Have you ever looked at a map of crime in your community and tried to figure out what areas have high crime rates? Have you explored other types of information, such as school locations, parks, and demographics, to try to determine the best location to buy a new home?
Whenever you look at a map to answer these questions, you inherently start to turn that map into information by analyzing its contents—finding patterns, assessing trends, or making decisions. This process is called spatial analysis, and it’s what your eyes and minds do naturally.
Spatial analysis is the most intriguing and remarkable aspect of GIS. When you do spatial analysis, you combine information from many independent sources and use sophisticated spatial analysis tools to derive new sets of information (i.e., your results).
These tools help you answer complex spatial questions. Statistical analysis can determine if the patterns that you see are significant. You can analyze various layers of data to calculate how suitable a location is for an activity, such as opening a new store. Using image analysis, you can detect change over time.
These tools and many others, which are part of Esri’s ArcGIS, enable you to address critically important questions and decisions that are beyond the scope of simple visual analysis. Spatial analysis lets you do the following:
Understand and Describe Locations and Events
Detect and Quantify Patterns
Find Best Locations and Paths
How Is Spatial Analysis Used?
Spatial analysis lets you pose questions, derive answers from data, and then make informed decisions. The organizations that use spatial analysis in their work include state and local governments, national agencies, businesses of all kinds, utility companies, colleges and universities, and nongovernmental organizations (NGOs).
How do these organizations use spatial analysis? The list below touches on a few well-known uses:
The source data is available at no cost for land-use planning and the creation of information products that help everyone understand the importance of preserving the nation’s remaining natural resources. Read the 6 Step Guide to Green Infrastructure to learn more about green infrastructure planning.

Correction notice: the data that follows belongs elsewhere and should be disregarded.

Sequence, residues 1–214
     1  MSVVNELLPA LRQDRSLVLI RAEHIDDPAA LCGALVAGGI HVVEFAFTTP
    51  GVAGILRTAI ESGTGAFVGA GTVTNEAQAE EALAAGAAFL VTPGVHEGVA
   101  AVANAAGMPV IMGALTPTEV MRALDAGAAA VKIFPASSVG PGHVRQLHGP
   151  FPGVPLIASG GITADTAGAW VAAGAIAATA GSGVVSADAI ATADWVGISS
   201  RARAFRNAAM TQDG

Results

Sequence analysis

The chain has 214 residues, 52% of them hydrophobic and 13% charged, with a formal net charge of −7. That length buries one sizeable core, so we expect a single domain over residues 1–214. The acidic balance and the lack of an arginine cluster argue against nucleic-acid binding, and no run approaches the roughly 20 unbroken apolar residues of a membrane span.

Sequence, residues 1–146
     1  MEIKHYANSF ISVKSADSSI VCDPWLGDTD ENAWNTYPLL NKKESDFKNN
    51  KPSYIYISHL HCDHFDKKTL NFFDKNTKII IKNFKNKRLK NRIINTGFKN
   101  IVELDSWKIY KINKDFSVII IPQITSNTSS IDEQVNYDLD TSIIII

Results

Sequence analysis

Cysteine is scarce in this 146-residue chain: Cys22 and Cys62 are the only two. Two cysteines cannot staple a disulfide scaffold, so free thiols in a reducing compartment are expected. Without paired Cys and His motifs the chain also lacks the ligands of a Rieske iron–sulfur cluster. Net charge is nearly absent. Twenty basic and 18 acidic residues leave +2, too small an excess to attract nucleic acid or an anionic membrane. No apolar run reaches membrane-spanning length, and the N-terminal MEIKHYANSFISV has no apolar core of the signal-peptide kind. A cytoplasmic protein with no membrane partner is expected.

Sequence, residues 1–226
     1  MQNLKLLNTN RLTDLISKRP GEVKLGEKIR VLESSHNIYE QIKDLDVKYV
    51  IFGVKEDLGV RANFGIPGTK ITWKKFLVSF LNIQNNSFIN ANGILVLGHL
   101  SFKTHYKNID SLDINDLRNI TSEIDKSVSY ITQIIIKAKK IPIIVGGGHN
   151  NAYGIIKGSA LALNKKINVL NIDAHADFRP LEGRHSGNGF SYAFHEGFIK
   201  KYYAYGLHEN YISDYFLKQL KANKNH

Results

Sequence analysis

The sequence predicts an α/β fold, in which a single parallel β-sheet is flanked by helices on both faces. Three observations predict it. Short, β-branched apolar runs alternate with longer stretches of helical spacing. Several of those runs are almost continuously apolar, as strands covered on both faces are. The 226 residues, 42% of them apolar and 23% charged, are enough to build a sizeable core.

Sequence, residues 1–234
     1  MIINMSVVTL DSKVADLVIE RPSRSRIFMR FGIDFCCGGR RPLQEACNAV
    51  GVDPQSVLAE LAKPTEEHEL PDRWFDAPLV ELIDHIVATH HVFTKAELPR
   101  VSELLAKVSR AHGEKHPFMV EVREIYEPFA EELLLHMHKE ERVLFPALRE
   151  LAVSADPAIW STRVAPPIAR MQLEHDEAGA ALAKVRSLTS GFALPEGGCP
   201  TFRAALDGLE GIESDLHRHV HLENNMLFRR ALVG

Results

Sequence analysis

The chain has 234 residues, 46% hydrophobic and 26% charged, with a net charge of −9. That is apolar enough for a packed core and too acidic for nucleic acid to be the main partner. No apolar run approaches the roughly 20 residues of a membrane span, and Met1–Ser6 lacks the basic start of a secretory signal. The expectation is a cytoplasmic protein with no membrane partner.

Automatic Data Interpretation
What Can My Map Show Me?
In many cases, you are doing analysis just by making a map. You have a question you want the map to help answer: Where has disease ravaged trees? Which communities are in the path of a wildfire? Where are the areas of high crime? As with any analysis, when you make a map, you’re making decisions about which information to include and how to present that information. Effective visualization is valuable for communicating results and messages clearly and in an engaging way.
Visual and Visibility Analyses
Visualizing Solar Radiation Exposure
At the moment Confederate General Robert E. Lee (at the red eye on the map) committed to engage with Union troops, he could see only the troops in the light areas; everything shaded (the much greater part of the Union’s strength) was invisible to him. Historians using personal accounts, maps of the battle, and a basic elevation layer were able to unlock the mystery of why Lee may have decided to go into battle facing such poor odds.
This article is an excerpt from The ArcGIS Book,Second Edition: 10 Big Ideas about Applying The Science of Where. The twin goals of this book are to show you what is possible with Web GIS and then spur you into action by putting the technology and deep data resources in your hands. The book is available through Amazon.comand other booksellers, and it is also available at TheArcGISBook.com for free.